Sunday, 20 January 2013

Random International: Rain Room, The Barbican, 04 October 2012- 03 March 2013

Rain Room is an experiential and interactive installation piece, a 100 square metre field of falling water for visitors to walk through and experience how it might feel to control the rain, exploring the idea of trust and disbelief in something so unimaginable. Being the biggest and most ambitious installation The Barbican has exhibited to date, the two hour queue to see this marvel was well worth the wait. Sensors within the room allowed the rain to react to sound and movement, and being able to walk under water droplets and stay completely dry whilst being surrounded with falling water was a magical experience, almost like an invisible umbrella. Playing and fighting against the forces of nature was a strange feeling and one that is definitely recommendable.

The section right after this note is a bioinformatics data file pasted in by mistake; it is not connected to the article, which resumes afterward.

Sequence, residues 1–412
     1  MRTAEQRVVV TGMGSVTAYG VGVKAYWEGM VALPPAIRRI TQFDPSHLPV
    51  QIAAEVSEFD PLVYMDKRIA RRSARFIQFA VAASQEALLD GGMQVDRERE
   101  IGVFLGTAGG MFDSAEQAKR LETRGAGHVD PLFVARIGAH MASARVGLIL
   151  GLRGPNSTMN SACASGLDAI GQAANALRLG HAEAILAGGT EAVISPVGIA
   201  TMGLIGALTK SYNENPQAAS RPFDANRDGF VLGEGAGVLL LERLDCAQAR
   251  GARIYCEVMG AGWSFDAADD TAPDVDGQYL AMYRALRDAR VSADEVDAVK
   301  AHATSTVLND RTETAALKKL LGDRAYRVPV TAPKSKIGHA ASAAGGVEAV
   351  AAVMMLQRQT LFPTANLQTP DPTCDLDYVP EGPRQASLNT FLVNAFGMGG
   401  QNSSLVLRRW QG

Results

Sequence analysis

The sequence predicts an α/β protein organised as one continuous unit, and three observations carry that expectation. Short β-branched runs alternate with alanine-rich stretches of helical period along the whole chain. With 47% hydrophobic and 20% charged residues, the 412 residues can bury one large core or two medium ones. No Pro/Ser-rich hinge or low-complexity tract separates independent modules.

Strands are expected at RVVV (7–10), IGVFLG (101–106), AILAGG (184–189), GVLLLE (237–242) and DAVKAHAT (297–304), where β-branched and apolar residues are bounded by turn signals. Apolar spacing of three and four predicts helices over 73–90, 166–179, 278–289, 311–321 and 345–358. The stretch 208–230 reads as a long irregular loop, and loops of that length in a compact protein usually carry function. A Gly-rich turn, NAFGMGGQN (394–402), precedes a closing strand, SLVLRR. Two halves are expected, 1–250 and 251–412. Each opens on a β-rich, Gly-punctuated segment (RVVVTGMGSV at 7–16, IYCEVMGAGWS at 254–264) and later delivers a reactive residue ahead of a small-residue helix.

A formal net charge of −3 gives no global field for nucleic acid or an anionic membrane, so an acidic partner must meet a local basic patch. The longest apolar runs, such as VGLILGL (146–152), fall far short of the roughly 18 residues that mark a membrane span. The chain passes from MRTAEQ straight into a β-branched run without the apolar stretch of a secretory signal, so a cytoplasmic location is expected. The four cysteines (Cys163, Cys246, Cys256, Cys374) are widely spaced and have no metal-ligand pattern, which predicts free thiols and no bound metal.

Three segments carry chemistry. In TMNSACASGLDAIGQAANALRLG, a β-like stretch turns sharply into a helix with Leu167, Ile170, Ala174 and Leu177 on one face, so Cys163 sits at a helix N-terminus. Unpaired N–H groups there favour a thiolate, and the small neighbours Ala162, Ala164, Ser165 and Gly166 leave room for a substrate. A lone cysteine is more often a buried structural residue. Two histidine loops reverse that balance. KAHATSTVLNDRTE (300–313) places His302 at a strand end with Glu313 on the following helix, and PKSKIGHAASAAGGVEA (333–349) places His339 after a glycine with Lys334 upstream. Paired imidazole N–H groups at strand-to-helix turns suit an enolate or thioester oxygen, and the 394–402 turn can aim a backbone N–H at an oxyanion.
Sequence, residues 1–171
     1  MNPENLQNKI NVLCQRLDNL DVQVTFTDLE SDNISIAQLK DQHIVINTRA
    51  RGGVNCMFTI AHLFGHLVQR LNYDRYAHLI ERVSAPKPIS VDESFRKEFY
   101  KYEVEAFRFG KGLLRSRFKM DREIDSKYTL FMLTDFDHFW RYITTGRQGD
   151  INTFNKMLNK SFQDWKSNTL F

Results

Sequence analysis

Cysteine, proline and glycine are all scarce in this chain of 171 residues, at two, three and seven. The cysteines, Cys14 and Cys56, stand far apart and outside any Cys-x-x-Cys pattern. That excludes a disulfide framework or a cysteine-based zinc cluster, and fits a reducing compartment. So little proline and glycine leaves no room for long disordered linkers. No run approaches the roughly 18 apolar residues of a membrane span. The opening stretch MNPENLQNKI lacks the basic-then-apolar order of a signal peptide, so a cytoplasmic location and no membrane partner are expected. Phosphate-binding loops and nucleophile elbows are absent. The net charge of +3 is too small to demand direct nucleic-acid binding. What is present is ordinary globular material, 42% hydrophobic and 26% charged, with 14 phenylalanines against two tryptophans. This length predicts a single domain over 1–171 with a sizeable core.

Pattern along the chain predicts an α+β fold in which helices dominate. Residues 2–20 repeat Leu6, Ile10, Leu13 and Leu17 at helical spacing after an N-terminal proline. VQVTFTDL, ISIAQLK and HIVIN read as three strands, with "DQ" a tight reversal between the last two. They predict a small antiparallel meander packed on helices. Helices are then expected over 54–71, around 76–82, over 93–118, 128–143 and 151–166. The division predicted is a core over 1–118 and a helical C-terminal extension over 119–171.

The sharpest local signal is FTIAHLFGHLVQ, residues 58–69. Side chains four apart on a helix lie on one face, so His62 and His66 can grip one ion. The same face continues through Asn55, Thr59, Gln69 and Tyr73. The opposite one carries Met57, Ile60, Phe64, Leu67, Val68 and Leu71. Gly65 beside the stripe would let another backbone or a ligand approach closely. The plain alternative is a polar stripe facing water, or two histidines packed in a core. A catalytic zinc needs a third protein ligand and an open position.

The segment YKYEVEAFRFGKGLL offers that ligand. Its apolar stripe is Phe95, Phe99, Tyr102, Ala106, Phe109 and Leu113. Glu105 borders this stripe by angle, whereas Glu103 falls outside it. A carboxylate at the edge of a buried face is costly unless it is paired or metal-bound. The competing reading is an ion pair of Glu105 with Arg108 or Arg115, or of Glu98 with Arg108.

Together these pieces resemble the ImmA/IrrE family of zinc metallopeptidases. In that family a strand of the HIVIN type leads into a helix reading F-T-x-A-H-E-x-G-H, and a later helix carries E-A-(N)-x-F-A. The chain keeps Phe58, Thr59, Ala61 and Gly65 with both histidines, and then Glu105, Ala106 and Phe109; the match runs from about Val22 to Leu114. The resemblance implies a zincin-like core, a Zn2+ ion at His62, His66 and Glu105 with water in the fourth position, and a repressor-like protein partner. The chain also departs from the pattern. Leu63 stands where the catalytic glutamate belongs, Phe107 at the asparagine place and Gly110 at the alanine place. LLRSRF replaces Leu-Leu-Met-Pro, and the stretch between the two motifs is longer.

‘Random International combines aesthetic purity and technical sophistication to create works, often hard won, that explore materiality and immateriality, the animate and inanimate alike. New technologies form the basis of their work which nonetheless draws on op art, kinetics and post-minimalism. Cross-disciplinary collaborations are enthusiastically embraced by the studios. 
In Rain Room, Random International invites you to experience what it’s like to control the rain and put your trust in the work to the test. More than the technical virtuosity necessary for its success, the piece relies on a sculptural rigour, with the entire Curve transformed by the monumental proportions of this carefully choreographed downpour and the sound of water. Rain Room encapsulates Random International’s ethos of experimentation with human behaviour an interactive processes. It also invites us to explore what role science, technology and human ingenuity might play in stabilising our environment… The significance of the technology melts away and becomes invisible, foregrounding instead the participant and their personal journey within the piece.’

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